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Cain says elbow issues date to high school

Giants righty looking forward to being fully healthy for Spring Training in 2015

Cain says elbow issues date to high school

MILWAUKEE -- In retrospect, maybe the Giants should be thankful that right-hander Matt Cain has pitched effectively for this long.

Cain said on Tuesday that he has had bone chips and spurs in his throwing arm, which are prompting next Monday's season-ending surgery, "for a long time." Moreover, the 29-year-old said that he never has had full range of motion in his arm, dating to high school. Nor will the upcoming procedure, to be performed in San Francisco by team orthopedist Dr. Ken Akizuki, restore his flexibility.

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Yet, Cain has managed to make three National League All-Star teams and excel in two postseasons for the Giants.

"I was always able to kind of manipulate it [to] where you didn't really notice it," Cain said, referring to the bone chips. Moreover, Cain added, he never had to try to do this during a game.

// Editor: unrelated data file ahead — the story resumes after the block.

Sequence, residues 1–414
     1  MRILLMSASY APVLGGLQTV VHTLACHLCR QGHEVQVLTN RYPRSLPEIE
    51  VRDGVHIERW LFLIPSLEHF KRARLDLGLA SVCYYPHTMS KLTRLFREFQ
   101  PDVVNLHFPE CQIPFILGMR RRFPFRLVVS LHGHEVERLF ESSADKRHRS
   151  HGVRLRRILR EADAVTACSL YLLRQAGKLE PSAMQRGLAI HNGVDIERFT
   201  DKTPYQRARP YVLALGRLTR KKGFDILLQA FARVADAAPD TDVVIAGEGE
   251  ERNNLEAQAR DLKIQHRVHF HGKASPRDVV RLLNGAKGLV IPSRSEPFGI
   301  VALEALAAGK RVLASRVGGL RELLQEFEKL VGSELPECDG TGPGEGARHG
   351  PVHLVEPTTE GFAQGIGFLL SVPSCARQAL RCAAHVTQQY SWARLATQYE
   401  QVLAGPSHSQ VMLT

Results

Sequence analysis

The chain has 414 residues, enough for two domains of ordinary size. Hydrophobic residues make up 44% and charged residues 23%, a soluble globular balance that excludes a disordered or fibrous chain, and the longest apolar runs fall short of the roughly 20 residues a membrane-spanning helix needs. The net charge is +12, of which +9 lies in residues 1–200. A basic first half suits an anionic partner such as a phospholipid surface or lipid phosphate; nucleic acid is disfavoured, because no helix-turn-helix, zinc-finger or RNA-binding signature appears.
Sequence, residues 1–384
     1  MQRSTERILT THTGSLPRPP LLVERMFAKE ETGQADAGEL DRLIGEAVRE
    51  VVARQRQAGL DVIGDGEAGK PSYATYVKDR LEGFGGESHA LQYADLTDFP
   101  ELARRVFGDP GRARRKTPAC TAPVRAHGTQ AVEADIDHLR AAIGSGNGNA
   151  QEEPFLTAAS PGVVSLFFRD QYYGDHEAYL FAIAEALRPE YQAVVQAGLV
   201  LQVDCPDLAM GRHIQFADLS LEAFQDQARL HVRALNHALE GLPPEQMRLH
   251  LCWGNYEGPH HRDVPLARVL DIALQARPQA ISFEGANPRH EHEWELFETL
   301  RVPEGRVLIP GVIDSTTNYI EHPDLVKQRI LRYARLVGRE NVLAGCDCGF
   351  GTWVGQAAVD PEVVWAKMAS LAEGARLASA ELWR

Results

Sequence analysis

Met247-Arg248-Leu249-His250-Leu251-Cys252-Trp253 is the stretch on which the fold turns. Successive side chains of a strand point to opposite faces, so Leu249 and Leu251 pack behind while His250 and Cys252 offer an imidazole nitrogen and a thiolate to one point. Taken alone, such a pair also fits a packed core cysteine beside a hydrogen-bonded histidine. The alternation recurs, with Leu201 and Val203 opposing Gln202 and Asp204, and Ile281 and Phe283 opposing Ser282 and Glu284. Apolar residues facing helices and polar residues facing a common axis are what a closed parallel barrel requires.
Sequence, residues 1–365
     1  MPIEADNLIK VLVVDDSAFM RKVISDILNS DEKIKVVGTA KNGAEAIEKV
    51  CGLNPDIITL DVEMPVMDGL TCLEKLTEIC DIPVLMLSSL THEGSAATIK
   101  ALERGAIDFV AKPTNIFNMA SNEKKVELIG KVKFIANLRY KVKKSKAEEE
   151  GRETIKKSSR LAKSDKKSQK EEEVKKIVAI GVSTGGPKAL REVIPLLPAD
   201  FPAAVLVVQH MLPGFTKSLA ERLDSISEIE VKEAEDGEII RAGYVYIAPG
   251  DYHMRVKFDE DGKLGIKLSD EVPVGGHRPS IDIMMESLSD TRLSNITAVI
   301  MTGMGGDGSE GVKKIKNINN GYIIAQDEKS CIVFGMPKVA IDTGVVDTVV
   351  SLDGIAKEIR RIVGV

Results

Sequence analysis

Nevertheless, Cain's already looking forward to next Spring Training, when the loose bodies in his elbow will cease to be an issue.

"It'll be nice to know going into next year that I should be good to go and won't have to worry about anything," he said.

Cain insisted that his struggles in 2013 and this season had nothing to do with arm discomfort.

"I was just making bad pitches and not executing," said Cain, who finished with a career-best 16-5 record and 2.79 ERA in 2012 before going 8-10 with a 4.00 ERA last year. This year, he went 2-7 with a 4.15 ERA in 15 starts.

Cain would have preferred to avoid surgery. But he ultimately realized that he needed it if he wanted to continue to pitch.

"It came down to, really, my body wouldn't let me [pitch]," he said. "I lost too much range of motion in my arm. It was going to hurt to throw. I probably would have lost stuff, too. It was just time to do it."

Chris Haft is a reporter for MLB.com. Read his blog, Haft-Baked Ideas, and follow him on Twitter at @sfgiantsbeat. This story was not subject to the approval of Major League Baseball or its clubs.

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